During this period, peritoneal dialysis capacity was enhanced and required materials were procured. Emergency medications and equipment including 2 dialysis machines for children were also procured by the government and WHO. These have been very helpful.
Throughout the period, many technical incident management meetings were held to map out the way forward. On our request, the World Health Organization and the Centre for Disease Control (United States of America) sent in technical experts at various points for support and advice. This included the WHO Africa Regional Emergency Director, The Director for drugs and Medical Supplies, the Regional Incident Management Director, the causality expert, data management experts and many more.
CDC (USA) who sent in 4 experts including one infectious disease specialist, two epidemiologists and one anthropologist.
Some of these experts are still around working with our own experts. They have been working diligently both in the health facilities and in the communities collecting the relevant information and data to help in bringing this outbreak to an end and to help determine the cause of the outbreak and also the cause or causes of the mortalities.
From the foregoing, it is very clear that this is not a simple process. All the probabilities have to be scientifically looked into before one can conclude what the cause of death is. That actually means that this has to be established in a scientific way without doubt of the causality or causalities of death in these children. It should not be forgotten that the contaminated drugs are the most suspected but other possible causes like severe diarrhoea and vomiting, bacterial infections, and complicated malaria are possible causes.
Distinguished honourable Speaker and National assembly members, the issue of counterfeit or substandard medicines is a massive global problem.
It is a multibillion-dollar entity in which some selfish individuals thrive on the suffering of people. The food and drug administration of the United States of America in 2002 withdrew over 1200 dangerous medicines from the American market. It is a big challenge for the entire world, especially for poor developing countries like ours where all drugs have to be imported and we have both limited human and material resources to detect the problem. Cases of counterfeiters doing their manufacturing in boats offshore where no one can ever identify the origin of the drugs have been reported in some other parts of the world.
Upon announcing the issue of the AKI that is in the Gambia, the alert of countries around the world was increased and this has led to the discovery of a similar phenomenon in Indonesia where 208 cases of AKI were so far detected with a mortality of 133.
Distinguished honourable Speaker and national assembly members, Indonesia is considered to be a middle-income country with many facilities and personnel for detecting AKI and substandard medicines in their population. The fact they had to take a cue from us here in the Gambia and even consult our team to share our experience with them for them to deal with this problem means our team in The Gambia has really put in our best. A similar incident occurred in Haiti were 109 children passed away. This is by no means trying to justify what happened in our country. It is just to dilate on the challenges developing countries face. It is important to note the identification of the problem and the actions our government took to stop the problem are remarkable by international standards. This has potentially saved a lot of other lives. We have not seen any new cases for 2 weeks in a row.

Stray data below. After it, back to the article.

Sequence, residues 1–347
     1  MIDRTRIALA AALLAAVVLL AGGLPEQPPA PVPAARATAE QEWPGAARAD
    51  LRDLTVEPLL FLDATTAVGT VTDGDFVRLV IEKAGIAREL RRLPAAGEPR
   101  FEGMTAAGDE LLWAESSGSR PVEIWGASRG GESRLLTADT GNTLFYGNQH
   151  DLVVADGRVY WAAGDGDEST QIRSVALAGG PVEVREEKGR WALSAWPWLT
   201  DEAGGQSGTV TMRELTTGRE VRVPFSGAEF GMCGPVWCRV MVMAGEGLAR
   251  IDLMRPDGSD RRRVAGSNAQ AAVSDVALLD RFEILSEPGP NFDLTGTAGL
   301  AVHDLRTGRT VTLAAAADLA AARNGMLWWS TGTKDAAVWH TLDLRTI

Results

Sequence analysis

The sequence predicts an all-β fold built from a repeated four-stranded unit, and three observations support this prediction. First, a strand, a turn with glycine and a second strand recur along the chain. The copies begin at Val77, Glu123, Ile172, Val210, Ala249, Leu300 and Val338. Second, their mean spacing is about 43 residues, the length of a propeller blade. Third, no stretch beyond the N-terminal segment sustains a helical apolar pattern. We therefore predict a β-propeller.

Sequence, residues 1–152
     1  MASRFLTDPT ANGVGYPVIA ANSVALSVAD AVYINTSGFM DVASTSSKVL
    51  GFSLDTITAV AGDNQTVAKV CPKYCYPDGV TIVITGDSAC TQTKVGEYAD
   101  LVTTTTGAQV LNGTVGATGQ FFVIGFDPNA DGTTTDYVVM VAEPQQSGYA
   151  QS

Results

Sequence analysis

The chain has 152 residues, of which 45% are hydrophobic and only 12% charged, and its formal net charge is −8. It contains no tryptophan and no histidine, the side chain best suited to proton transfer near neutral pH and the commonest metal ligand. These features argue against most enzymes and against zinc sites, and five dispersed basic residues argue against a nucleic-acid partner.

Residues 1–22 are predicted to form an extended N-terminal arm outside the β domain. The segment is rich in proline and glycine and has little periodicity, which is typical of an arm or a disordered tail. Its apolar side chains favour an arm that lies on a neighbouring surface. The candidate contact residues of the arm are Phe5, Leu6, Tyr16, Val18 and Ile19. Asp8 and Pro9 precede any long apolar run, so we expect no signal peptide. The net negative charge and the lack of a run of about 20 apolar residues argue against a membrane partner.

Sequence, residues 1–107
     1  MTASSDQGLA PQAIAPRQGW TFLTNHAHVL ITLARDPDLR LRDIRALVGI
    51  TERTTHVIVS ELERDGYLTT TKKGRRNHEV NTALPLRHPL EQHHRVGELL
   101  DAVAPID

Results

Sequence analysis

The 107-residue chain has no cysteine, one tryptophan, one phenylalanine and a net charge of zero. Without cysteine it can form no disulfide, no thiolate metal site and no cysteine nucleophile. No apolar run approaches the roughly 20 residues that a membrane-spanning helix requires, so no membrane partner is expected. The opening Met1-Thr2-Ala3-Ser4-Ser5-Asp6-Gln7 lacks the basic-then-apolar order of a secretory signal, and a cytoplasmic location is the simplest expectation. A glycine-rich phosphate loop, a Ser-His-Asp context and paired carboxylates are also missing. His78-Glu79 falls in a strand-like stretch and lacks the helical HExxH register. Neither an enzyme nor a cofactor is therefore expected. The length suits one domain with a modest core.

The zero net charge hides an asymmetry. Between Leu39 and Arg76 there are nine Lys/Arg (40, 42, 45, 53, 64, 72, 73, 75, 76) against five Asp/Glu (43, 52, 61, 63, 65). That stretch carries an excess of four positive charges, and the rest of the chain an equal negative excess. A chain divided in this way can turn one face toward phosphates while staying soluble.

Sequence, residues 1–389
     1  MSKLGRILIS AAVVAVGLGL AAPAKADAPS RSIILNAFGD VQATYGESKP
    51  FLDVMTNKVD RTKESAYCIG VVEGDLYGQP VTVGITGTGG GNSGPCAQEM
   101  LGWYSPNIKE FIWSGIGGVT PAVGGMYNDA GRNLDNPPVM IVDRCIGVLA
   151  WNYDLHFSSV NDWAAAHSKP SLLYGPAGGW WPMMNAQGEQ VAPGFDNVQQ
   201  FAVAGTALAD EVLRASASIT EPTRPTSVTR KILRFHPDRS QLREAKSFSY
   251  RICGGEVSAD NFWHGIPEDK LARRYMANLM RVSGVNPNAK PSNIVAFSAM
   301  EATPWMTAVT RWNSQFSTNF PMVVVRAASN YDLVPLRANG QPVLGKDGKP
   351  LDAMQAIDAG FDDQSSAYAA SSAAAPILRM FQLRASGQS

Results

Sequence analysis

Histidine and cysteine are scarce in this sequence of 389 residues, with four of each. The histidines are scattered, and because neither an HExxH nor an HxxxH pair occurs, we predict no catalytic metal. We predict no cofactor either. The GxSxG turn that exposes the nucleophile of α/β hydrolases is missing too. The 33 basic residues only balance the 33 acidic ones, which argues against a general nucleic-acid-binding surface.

Detecting outbreaks of this nature that have multiple possible causes is very challenging, especially for developing countries. During this outbreak, the World Bank has agreed to construct a drug and food testing laboratory for us in the country as there is also no food testing laboratory in the country. Preliminary work has started to this effect.
Distinguished honourable Speaker and National Assembly members, I believe that our country has been assaulted, this is an aggression against our people from greedy unscrupulous people. The manufacturing, distribution and importation of contaminated drugs is criminal, and the government sees it that way. However, due diligence needs to be carried out to get to the root cause of the problem.
The license of the importer has been suspended. The two pharmacy outlets of the importer have been closed and the police have started the investigations in earnest. The Indian authorities have been contacted and on their own had taken steps against the manufacturer [which] includes closing the factory. It is already stated that the Indian authorities found a series of serious breaches at the factory.
Government is on the verge of setting up a commission of enquiry into the issue. This we believe will help in identifying the problems and coming up with recommendations to deal with the current problem and avert any future recurrences.
We appeal to all to support the government, our health experts and the partner experts working on establishing causality or causalities of death, to assist the police in their investigations and the commission of enquiry in the deliberation.
I thank you very much for your kind attention.